Before I came to university, I must say that I associated comedy with middle-aged men on Live At The Apollo making jokes about their wives or the endless stream of panel shows which the BBC provides. But upon arriving here, my eyes have truly been opened to the many diverse forms of comedy there are and it really amazes me the situations and set-ups in which it can be accomplished as well as the talent and confidence it requires.
Personally, the thought of performing and creating comedy terrifies me as it, for the most part, depends on a reaction from the audience and producing material which would facilitate that reaction. What if nobody laughs in the sketch when they’re meant to? What do you say during a stand-up routine when the material does not work? What if you just cannot think of anything funny to say that day? All questions I would ask myself. Thankfully it is not down to me to provide the comedy in this town so I turned my attention to the vibrant and creative comedic scene St Andrews is lucky to have.
Firstly, there is The St Andrews Comedy Society which are a society dedicated to making sure that all genres and performances are comedy are readily accessible to the student population. They have run improv workshops, Sandy’s Sundown Stand-up, comedy panels, writer’s rooms, Sketch Force One and even have their own newspaper called Salvator News. They absolutely have something for everyone and ensure that anyone who might want to can get involved and learn from their workshops the processes of creating comedy.
Another group of comedy facilitators in St Andrew the improv comedy group ‘Blind Mirth’ who do an improvised show every Monday in the Barron Theatre at 8pm. With a fresh and original show created onstage each week before the audience’s eyes, I asked them about their process as they have no scripted material and they said that they rehearse improv games twice a week. They added that they go into each skit with ‘gumption and the general intention of being funny. Sometimes we even succeed.’. For some reason I always expected creating comedy for students to be harder however Blind Mirth explained that due to the ‘collective sense of humour’ of both the group and audience – as they are both made up of students – it is not as hard as you might expect. They did point out, though, that if a parent joins the audience then ‘that’s another story’. I found this really interesting as it shows that different types of humour are perhaps more generational than I thought and that a universal sense of humour is much more of a concept than a reality. Finally, I asked them what their motto as a group was, to which they responded ‘we just want to have fun’ and I believe that this encapsulates what student comedy, and indeed comedy overall, should mean which is that it all revolves around watching people have fun and this will inevitably be transferred to the audience.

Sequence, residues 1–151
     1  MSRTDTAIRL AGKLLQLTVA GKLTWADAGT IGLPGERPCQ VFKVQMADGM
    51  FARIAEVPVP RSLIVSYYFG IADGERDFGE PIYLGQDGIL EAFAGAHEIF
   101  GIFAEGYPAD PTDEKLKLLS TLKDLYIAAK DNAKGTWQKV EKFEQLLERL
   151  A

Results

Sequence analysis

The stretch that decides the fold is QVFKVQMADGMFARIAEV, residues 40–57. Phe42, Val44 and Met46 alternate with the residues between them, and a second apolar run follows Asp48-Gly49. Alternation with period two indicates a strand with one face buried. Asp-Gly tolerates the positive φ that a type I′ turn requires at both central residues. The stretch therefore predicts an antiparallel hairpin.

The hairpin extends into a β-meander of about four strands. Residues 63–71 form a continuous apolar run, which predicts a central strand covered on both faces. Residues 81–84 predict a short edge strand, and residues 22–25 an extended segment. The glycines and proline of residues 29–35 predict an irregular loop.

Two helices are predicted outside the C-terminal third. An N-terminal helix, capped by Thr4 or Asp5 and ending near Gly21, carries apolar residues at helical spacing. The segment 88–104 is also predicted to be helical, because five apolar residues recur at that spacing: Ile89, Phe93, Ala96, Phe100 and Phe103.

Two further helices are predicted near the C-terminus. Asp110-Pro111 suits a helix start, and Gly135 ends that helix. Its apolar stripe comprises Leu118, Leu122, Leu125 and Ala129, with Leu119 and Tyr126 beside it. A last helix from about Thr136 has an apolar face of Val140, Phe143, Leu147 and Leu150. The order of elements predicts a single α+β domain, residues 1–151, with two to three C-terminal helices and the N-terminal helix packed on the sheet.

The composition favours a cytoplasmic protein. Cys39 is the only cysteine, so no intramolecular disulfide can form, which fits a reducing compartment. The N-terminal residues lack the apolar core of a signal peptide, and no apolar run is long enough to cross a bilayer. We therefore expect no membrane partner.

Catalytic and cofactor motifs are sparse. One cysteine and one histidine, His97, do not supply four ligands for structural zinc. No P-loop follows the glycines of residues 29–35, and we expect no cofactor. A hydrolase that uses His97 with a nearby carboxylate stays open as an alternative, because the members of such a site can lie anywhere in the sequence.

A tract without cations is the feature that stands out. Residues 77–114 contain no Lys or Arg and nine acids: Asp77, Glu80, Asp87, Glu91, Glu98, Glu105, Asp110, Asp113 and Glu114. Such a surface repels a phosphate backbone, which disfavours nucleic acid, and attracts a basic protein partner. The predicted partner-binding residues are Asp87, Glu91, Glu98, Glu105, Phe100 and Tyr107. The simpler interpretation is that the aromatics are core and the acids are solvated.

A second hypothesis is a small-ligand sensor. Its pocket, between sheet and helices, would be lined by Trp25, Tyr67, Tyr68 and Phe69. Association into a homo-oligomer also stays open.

The St Andrews Revue is St Andrews’ oldest sketch comedy group who put on three shows a year, including Straightback Mountain in the Barron Theatre on 5th March at 7 pm and their upcoming performance in the Byre Theatre during On The Rocks. Furthermore they put on a show for the full run of Edinburgh Fringe during August. Their shows are made up of a series of sketches that loosely follow the title of their show. They explained their writing process in that they each go away and come up with the first draft of the sketch themselves before presenting it to the group and workshopping. Previously they had tried to creative a narrative in their show however as the size of the group increased, it made it harder to have so many people trying to pitch their ideas at the same time therefore this process ensures that everyone gets to present their ideas and be involved in the writing process. Similar to Blind Mirth they said that creating comedy for students is the ‘easiest part of what we do’ as due to the fact they know some of the audience and they have a ‘fairly diverse group in terms of senses of humour’ which therefore means the range of comedy in the sketches will be diverse and accommodates every sense of humour. They contrasted performing in St Andrews to at the Edinburgh Fringe where at times it is harder to make the audience laugh with material written by/for students. Finally, they described their motto which is that rather than trying to create material for other people, create material which makes themselves laugh, thus enforcing the idea that so much of the creation process revolves around the comedians themselves having fun. They generally summarised their outlook with ‘Live, Laugh, Love’ – although I’m still unsure how serious this slogan was.
Overall, I think this demonstrates the rich and varied content on offer to the students of St Andrews with three very talented groups entirely dedicated to providing original and refreshing comedy in very different ways and I strongly recommend that we support them all.